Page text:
AboutThis exhibition contains a selection of works from Plymouth's permanent art collections that either portray or were created by women.
The exhibition spans Renaissance times to the modern day, and is dedicated to the memory of the late Keeper of Art, Maureen Attrill who sadly passed away in February 2011 after more than 30 years at the Museum.
It wasn't until the 17th century that women entered the profession of art. For many hundreds of years before this, artists were almost exclusively male.
As sitters, women were both subjected to the morals of a male-dominated society and acted as inspiration to the artists for whom they sat. They were usually presented in traditional roles as mothers, daughters or wives. Any woman acting outside of these social conventions was often depicted as âfallen'.
The growing independence of women in the 19th and 20th centuries enabled them to become artists in their own right. Now, in the 21st century, women finally have a much more equal place in the art world.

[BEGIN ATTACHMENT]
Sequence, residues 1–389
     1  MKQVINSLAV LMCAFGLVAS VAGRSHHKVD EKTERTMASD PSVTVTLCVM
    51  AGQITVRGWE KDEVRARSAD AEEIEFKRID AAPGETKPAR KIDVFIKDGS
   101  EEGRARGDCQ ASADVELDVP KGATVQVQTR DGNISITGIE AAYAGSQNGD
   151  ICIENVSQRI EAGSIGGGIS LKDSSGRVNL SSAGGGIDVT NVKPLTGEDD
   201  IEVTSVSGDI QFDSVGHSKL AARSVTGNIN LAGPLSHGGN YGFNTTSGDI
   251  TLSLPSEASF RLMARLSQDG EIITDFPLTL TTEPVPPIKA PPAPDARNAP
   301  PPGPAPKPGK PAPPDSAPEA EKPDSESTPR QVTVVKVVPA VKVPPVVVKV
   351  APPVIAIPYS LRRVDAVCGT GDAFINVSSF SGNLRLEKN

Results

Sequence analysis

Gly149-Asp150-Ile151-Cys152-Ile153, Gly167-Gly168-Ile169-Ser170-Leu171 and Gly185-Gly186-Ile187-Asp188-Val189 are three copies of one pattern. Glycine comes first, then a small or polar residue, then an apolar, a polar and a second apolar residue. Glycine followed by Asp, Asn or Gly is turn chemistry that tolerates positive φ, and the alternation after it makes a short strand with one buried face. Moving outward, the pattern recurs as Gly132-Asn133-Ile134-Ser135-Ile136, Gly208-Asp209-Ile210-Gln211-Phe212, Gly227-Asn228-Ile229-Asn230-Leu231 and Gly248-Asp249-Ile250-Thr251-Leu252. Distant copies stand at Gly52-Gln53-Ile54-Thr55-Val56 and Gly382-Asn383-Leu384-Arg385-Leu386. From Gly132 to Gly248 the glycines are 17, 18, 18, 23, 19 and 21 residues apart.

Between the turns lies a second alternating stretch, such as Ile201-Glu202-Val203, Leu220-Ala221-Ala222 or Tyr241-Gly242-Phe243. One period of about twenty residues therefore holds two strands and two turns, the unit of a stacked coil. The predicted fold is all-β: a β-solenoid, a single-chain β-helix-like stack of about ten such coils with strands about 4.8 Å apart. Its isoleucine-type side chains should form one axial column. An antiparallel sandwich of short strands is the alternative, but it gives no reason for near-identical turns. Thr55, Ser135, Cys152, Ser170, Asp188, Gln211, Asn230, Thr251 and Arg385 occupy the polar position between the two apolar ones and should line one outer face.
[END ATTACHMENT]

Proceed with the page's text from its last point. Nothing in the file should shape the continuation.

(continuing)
The âWomen in Art' exhibition shows these changes and developments across the centuries. It looks at how women have historically been portrayed by male artists in portraiture and religious iconography. It also looks at how male artists struggled to define a single presentation of women in the Victorian era, when females often found themselves in conflicting roles as they lived through a time of great social change.
The exhibition also brings the story up to date by showcasing a selection of paintings and ceramics by some of the female artists who are represented in the Museum's permanent collections.
Artists on display include John Waterhouse, Edgar Degas, Beryl Cook, Prunella Clough and Rose Hilton. Ceramics by Clarice Clift, Dorothy Doughty and Lucie Rie plus a portrait of Nancy Astor being introduced to parliament are also on show.
Related events including talks and tours will be on offer while the exhibition is on display.